How to recover the Milky Way merger history


Separate into [Fe/H] sub-populations

Unexpected decline in the velocity dispersion of RAVE giant stars

vertical velocity dispersion
vertical velocity dispersion

Stars close to the Sun are found to decrease their velocity dispersion at the high-[Mg/Fe] end. This result is unexpected because [Mg/Fe] is a proxy for age and older stars are expected to be kinematically hotter (i.e., to have higher velocity dispersion)

Self-similar behavior for all narrow [Fe/H] populations: a decline always found at the high-[Mg/Fe] end.

Comparison to a chemo-dynamical model


Very similar behavior found in our chemo-dynamical model (see Minchev, Chiappini, and Martig 2013)

We can see what causes this using our chemo-dynamical model

Looking at the dotted red lines in the 3 panels above, we can see that the velocity dispersion decline comes from older stars which were born in the inner disk. The lower the velocity dispersion, the older the stars and the further inside the disk they come from.

The peak in each velocity dispersion curve comes from the perturbations on the disk from infalling satellites (mergers), which heat the outer disk easily, while at the same time induce spiral arms and thus radial migration from the inner disk. Because kinematically colder stellar populations migrate more readily, the stars which arrive at the solar neighborhood are colder than the local ones. This causes the decline at the high-[Mg/Fe] end of each metallicity subpopulation.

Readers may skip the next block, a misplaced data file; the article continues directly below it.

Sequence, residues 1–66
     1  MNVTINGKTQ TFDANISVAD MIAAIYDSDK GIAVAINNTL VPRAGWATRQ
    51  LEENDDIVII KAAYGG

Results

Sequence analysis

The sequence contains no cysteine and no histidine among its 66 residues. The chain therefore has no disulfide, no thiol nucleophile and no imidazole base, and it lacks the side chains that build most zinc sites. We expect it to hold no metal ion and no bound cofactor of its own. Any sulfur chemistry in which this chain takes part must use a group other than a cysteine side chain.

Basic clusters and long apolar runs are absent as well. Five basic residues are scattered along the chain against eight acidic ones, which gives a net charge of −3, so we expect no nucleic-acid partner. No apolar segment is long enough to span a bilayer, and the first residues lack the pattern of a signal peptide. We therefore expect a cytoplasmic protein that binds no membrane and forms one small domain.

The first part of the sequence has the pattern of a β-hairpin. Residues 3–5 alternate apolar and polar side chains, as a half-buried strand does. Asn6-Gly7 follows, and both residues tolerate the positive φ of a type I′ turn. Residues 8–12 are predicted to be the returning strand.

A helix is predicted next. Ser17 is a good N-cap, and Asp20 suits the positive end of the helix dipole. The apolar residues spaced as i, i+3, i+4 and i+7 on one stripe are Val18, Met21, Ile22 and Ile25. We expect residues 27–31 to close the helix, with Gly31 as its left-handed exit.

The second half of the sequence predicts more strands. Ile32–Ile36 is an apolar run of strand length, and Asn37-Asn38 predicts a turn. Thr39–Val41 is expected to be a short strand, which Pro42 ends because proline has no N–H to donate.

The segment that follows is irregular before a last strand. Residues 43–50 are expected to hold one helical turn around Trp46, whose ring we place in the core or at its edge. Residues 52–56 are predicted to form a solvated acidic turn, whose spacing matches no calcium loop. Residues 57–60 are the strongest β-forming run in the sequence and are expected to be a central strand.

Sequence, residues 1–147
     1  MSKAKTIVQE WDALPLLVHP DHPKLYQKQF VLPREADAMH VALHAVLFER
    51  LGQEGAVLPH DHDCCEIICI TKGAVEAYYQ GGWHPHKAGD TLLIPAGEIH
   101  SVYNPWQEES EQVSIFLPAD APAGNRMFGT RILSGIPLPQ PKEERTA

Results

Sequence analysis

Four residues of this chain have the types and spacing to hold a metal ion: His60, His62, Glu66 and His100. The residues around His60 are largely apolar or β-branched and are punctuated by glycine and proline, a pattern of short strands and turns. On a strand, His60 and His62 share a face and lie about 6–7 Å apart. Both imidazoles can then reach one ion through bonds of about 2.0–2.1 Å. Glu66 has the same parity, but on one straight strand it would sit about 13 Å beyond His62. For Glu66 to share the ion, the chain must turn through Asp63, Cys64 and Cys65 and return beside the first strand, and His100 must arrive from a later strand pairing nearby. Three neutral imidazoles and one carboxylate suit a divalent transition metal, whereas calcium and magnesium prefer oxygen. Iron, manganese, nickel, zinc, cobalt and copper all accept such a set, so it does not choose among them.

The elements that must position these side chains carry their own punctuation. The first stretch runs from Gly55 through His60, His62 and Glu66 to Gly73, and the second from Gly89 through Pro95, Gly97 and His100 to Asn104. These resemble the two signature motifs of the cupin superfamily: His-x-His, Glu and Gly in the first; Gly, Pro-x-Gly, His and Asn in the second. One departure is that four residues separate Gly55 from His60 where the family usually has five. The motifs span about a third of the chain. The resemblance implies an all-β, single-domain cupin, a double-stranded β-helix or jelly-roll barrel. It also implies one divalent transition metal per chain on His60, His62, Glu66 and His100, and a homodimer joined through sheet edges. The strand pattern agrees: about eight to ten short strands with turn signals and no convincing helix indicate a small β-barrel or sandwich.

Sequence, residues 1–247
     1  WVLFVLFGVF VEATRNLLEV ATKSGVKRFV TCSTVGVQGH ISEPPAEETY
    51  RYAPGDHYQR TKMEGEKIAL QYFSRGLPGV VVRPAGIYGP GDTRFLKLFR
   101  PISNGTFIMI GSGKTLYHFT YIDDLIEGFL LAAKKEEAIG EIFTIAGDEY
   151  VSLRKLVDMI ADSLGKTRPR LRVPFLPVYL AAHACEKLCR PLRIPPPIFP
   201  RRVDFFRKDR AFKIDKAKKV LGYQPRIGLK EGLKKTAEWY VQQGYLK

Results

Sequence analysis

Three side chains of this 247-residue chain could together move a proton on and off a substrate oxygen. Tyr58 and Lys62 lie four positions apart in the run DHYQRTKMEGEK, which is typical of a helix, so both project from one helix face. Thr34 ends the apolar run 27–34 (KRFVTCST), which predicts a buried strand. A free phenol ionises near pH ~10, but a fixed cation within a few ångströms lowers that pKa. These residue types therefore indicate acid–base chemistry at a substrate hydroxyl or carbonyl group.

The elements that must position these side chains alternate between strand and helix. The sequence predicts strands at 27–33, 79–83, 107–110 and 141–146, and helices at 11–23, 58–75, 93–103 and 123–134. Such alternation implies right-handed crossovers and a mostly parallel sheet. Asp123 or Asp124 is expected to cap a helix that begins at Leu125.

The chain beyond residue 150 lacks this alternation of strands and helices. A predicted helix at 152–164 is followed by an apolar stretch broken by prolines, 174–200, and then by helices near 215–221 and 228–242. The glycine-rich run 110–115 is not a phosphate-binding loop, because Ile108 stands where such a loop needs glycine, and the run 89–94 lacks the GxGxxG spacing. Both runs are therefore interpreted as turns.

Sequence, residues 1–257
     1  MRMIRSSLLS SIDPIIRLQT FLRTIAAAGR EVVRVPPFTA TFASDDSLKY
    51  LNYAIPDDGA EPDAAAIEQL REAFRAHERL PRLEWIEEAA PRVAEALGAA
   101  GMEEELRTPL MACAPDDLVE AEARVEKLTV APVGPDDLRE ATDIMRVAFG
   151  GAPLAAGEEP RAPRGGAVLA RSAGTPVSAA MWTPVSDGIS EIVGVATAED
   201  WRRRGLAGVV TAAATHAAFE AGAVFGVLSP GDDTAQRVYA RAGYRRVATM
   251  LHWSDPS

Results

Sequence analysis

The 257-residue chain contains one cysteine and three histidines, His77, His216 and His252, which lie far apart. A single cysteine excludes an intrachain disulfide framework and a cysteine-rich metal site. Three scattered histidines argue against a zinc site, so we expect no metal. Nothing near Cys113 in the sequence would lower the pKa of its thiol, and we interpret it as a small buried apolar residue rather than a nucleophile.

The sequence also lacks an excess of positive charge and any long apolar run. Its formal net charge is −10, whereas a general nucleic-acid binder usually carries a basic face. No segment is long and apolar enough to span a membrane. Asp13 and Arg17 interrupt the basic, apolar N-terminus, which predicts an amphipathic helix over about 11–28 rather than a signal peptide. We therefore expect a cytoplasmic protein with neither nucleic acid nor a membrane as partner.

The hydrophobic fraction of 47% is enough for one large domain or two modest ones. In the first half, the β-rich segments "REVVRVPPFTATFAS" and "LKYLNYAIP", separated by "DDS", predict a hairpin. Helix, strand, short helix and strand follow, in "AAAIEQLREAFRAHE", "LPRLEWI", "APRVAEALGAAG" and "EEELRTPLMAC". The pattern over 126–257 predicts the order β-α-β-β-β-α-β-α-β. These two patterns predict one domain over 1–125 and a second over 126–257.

When large stellar samples become available and precise chemistry measurements (Gaia + 4MOST + WEAVE data), we will be able to estimate

  1. 1.the mass and frequency of satellites perturbing the Milky Way disk throughout its life time from the peak in velocity dispersion of each metallicity subpopulation

  2. 2. the amount of radial migration induced by satellites (directly by their tidal pull and indirectly by strengthening the disk asymmetries) at a given cosmic time from the decline in velocity dispersion and the fraction of stars in the high-[Mg/Fe] end.  

Age (top panel) and birth radius (bottom panel) as functions of [Mg/Fe] for stars in the same simulated solar neighborhood sample, which matches the RAVE data. Black dashed curves show the total population.

  1. The above relation was also found in SEGUE G-dwarf stars (Minchev et al. 2013), in data from the Gaia-ESO survey (Guiglion et al. 2015), as well as in APOGEE giants (Minchev et al., in preparation).

Cold old stars arrive from the inner disk, causing the decline in velocity dispersion with [Mg/Fe]

Vertical velocity dispersion of stars currently in the simulated solar neighborhood (grey vertical strip centered on 8 kpc) plotted against stellar birth radius. Naively, it can be inferred from this plot that stars born in the inner disk constitute the hottest population at the solar radius today.

Colored curves indicate mono-age populations (stars grouped by common age). One can see that, for a given age group, stars arriving from the inner disk are cooler (have lower velocity dispersion) than stars born close to the solar radius. This is related to the effect of infalling satellites, which affect more strongly the outer disk (induce disk flaring), because of the low disk surface density there. 

As mergers become less frequent and less massive at later times (orange line, ~8 Gyr old), the positive slope flattens and eventually becomes slightly negative (blue lines, ~2 Gyr old), suggesting that in the absence of mergers stars migrating outwards arrive slightly hotter than the local population. Note, however, that this does not mean that migration thickens the disk, since stars coming from the outer disk (inward migrators) cool the disk and thus cancel the effect of outward migrators (see Minchev et al. 2012b).

  1. split the disk into groups of stars of common age

Stellar age [Billion years]

Vertical velocity dispersion
Vertical velocity dispersion

Mean stellar birth radius

Mean stellar birth radius